Tuesday, January 6, 2015

the dirty truth of the sport.

Over analyzation. Self love.
 
This sport can be tough, truly tough. I'm not talking about the diet, the lifting, the odd lifestyle to the "outsiders" - I'm talking about the mental stress you put on yourself. Now, I'm not looking for sympathy, nor am I looking for others to say "well, you're the one who chose to do this sport, you did it to yourself" or "then just quit", I'm just stating a valid statement. To the "outsider" it seems like an easy fix, but to those of us that compete, it's really not.
 
I mean if you think about it, we HAVE to be critical on ourselves. We are in a sport that requires us to go on a stage and have our bodies judged/critiqued while asking for feedback from these judges to see what might need to be fixed, changed or completely taken away. The "average" person would never be able to handle any of this. It's the truth. It truly takes a certain type of person to handle stage anxiety and the feedback we receive (this is strength in my opinion), but with this said - you eventually can become the most analytical person known to man.
 
The trouble with over analyzation is that it consumes you. Every ounce of your body is consumed with picking apart each and every inch of your body. It's a sickness. Really. To "outsiders" your body is something they'd kill for, yet here you sit thinking you're not "perfect". Yes, I said it, perfect. No one's "perfect", I think we all know this - but at the same time I think we all have an image of "perfect" within our heads and we strive to achieve that, however, when we reach that or even exceed that "perfect" image, it just changes.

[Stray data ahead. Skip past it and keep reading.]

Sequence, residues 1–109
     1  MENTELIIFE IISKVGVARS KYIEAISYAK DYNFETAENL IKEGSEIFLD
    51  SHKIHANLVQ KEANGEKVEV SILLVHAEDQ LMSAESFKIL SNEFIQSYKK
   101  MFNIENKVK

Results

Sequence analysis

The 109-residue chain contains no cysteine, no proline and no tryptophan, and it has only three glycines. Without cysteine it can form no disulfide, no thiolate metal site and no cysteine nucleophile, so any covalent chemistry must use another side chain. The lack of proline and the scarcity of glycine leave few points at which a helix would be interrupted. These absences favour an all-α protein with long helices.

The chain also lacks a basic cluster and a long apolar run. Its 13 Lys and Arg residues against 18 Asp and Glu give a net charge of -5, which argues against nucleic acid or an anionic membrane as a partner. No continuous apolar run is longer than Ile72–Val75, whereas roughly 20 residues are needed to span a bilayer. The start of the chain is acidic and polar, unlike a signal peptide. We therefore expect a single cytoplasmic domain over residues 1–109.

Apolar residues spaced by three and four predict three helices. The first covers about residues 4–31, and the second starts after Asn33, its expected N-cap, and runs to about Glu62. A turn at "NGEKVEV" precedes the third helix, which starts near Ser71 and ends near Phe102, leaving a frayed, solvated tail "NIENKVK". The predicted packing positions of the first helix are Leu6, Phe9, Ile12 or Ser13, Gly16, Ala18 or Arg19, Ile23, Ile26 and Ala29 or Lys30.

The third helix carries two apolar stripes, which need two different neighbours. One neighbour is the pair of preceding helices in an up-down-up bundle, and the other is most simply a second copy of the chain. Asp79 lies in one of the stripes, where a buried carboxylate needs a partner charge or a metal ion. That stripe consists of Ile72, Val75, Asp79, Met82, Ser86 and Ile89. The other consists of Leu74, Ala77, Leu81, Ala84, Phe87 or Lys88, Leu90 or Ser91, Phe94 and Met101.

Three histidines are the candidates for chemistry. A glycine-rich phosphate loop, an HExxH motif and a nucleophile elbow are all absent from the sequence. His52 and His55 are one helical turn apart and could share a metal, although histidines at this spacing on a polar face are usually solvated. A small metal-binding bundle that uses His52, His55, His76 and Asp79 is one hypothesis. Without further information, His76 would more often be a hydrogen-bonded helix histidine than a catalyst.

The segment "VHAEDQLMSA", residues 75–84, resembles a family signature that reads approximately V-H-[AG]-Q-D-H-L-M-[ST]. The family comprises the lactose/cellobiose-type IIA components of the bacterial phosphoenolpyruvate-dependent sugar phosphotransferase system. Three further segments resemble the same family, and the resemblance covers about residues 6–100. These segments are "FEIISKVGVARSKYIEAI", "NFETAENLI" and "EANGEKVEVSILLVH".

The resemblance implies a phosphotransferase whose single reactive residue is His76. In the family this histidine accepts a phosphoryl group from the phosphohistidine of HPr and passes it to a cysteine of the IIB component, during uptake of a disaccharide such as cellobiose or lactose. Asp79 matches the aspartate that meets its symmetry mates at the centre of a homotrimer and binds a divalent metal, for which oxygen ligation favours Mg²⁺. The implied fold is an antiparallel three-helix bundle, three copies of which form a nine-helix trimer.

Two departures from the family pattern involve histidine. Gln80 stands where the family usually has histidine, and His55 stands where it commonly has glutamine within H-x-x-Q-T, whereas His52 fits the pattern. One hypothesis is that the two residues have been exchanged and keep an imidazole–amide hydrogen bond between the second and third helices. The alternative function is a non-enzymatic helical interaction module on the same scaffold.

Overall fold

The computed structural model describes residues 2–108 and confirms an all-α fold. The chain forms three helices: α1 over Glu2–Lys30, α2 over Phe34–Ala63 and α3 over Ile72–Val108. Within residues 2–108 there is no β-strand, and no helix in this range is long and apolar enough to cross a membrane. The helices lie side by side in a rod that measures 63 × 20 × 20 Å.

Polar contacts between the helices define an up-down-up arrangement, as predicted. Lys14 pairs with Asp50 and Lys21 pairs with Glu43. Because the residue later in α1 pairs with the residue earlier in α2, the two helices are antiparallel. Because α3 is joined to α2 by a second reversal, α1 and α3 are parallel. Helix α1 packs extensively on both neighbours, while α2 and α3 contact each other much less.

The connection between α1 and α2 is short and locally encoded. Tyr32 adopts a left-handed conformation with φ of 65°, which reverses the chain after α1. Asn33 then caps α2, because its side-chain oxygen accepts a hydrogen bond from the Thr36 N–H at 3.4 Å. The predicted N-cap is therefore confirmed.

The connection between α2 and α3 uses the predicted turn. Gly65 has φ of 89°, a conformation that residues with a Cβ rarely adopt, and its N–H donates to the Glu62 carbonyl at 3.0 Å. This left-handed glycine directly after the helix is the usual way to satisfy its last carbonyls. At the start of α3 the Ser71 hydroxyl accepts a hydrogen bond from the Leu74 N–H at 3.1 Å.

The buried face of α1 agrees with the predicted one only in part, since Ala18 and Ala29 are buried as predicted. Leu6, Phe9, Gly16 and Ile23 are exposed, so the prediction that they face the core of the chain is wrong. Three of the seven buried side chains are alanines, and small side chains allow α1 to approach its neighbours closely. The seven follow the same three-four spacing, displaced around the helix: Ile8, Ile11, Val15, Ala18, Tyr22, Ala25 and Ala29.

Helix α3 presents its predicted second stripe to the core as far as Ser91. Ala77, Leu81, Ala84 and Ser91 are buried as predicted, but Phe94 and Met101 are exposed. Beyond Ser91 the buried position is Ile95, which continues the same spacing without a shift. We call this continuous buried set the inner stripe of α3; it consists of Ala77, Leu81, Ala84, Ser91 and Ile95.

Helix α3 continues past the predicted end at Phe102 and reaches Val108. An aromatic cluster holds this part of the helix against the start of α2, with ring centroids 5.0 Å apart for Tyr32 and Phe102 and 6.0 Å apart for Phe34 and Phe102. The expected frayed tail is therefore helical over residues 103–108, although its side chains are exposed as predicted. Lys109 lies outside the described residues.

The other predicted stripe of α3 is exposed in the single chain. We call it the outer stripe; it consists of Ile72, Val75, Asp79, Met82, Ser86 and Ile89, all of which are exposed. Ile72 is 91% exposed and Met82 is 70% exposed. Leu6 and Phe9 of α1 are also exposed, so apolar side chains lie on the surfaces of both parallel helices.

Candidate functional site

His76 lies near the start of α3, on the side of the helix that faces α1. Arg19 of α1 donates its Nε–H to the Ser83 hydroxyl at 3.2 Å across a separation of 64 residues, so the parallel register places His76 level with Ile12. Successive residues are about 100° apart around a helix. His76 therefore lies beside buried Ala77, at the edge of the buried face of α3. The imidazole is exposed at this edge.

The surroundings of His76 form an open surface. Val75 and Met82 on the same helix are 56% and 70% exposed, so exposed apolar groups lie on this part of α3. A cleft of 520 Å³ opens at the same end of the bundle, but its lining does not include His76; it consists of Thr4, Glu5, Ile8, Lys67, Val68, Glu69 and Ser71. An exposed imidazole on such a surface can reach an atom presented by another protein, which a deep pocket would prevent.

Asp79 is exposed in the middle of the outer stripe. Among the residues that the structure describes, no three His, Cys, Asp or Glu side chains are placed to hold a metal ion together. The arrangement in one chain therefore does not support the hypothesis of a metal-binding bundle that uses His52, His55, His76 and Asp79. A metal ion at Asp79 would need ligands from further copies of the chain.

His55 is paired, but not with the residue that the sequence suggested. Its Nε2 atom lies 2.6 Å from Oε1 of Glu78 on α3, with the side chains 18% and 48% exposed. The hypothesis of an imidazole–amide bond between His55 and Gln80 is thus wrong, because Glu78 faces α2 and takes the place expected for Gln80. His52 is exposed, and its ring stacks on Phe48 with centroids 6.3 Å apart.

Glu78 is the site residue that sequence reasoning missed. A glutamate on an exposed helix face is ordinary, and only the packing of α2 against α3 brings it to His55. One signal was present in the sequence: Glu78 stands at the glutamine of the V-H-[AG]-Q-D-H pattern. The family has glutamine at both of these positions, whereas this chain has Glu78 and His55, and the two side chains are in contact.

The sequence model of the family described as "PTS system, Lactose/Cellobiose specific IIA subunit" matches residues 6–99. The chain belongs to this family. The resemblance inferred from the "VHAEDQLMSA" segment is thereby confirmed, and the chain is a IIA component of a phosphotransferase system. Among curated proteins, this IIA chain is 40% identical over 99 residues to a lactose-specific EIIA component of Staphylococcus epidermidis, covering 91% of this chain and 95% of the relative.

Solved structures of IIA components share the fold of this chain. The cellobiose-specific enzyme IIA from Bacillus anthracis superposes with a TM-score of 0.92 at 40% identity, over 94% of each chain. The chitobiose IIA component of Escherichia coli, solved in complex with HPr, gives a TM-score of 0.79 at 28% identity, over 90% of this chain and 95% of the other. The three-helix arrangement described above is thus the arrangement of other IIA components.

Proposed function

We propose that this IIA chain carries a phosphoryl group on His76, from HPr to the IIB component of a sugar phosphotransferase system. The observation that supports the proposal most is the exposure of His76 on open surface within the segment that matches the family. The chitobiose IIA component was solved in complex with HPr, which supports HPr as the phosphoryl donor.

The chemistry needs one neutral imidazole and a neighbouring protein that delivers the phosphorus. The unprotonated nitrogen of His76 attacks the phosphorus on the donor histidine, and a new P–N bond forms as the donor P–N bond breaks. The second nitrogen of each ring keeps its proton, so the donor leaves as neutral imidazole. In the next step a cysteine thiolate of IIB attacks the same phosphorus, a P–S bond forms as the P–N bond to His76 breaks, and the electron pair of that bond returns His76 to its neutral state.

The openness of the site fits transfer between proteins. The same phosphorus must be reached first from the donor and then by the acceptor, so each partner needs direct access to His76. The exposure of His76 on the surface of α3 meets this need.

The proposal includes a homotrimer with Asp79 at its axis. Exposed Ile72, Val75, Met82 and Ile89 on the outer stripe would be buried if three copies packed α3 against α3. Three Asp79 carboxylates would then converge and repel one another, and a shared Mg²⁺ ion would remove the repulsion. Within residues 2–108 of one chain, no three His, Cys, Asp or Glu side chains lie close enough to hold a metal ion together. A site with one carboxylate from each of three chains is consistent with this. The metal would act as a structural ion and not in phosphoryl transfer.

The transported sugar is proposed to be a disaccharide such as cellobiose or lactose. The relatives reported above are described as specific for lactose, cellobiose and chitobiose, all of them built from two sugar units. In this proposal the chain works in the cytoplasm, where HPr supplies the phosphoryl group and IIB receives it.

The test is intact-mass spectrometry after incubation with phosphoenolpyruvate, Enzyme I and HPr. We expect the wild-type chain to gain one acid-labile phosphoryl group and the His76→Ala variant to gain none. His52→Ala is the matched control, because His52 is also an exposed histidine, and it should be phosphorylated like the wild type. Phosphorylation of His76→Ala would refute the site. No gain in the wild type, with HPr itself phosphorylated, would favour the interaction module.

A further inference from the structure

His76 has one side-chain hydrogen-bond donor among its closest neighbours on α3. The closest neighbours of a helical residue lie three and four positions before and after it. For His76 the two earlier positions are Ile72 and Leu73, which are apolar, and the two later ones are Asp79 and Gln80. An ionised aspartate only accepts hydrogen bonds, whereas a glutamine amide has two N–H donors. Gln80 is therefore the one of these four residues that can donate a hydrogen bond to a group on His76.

I speak of all of this through experience. I am probably the most critical person of all in regards to my own body. I can look at another woman, even those that aren't in the fitness industry, and see the beauty of her body - no matter her shape or size - we're all beautiful in our own way, yet when it comes to my own I simply fail at seeing that beauty each and every day.
 
What I have found though is that in order to keep myself involved within this sport I have to obtain self love and limit my analyzation. Some days are easy, others are tough. Really tough. Whether it be I think I'm too "skinny" or that I look "bloated" or that my glutes will just never grow, I'm always pointing something out in the mirror to myself that I don't like. However, what I am learning is that I need to "live in the moment" and love myself regardless of how I feel that day. When I begin to pick apart a particular area I find another that I love in order to outweigh it. This is essential. Through doing this I've found self love and I've found inner piece with my analytical tendencies.
 
Bodybuilding is a tough sport, but it's a sport that takes extreme dedication day in and day out on all levels. It can consume you and it will if you let it. What you have to learn and take away from it though is a new respect for yourself and a new way of thinking. A tedious task at that, but it's manageable if you want it.  

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